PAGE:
My daughter, who is not yet a Christian, asked me to pray that she get a job.
I told her I would do so, and was encouraged by my husband to request of God that she get a job where Christians work.
Then I started thinking: What if she gets a job where a Christian works and the Christian is like me? What if it is the kind of Christian you can share an office with for years and never know she’s a Christian! What if the only difference is that she goes to Church on Sunday, which she happened to mention but doesn’t talk about? She dresses the same worldly way as everyone else, engages in the same worldly entertainments after work, is in credit card debt the same as everybody, and complains about the boss and small annoyances in the same way as the religiously unaffiliated in the company.
And when she has health problems, or money problems, or relationship problems, this Christian in the office frets like an unbeliever, reacts like an unbeliever, medicates her fears like an unbeliever. (In 2 Kings 1, when King Ahaziah fell through the lattice in his bedroom and sent messengers to inquire of Baal-zebub as to whether he would get better, the Lord sent this message back: “Is it because there is no God in Israel that you going to inquire of Baal-zebub?”). In short, the woman’s life is almost indistinguishable from an unbeliever’s.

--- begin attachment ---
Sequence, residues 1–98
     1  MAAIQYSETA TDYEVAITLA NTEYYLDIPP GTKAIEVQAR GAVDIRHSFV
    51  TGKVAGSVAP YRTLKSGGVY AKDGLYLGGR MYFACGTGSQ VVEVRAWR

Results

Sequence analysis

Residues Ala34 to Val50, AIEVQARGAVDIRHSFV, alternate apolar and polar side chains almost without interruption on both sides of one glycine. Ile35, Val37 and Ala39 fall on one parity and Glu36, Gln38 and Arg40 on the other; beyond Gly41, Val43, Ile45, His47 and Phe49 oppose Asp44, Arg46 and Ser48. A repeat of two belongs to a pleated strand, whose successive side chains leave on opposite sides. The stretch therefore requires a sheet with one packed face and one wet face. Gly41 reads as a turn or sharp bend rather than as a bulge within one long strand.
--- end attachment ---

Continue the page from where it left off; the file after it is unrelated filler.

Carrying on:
And on the rare occasion that coffee-break conversation turns to spiritual things, she admits she is a Christian but with such timidity, disclaimers, and apologetic demeanor that there seems to be no reason why my daughter would want it: Where is the joy? Where is the power for living and overcoming sin? Like Cat Stevens once sang: “She moves so smooth, but has no answers.”
So I am praying for the kind of Christian that the Apostle Paul asked people to pray that he would be like:
“… making supplication for all the saints, and also for me, that words may be given to me in opening my mouth boldly to proclaim the mystery of the gospel, for which I am an ambassador in chains, that I may declare it boldly, as I ought to speak” (Ephesians 6:18-20).
And I am praying to be one.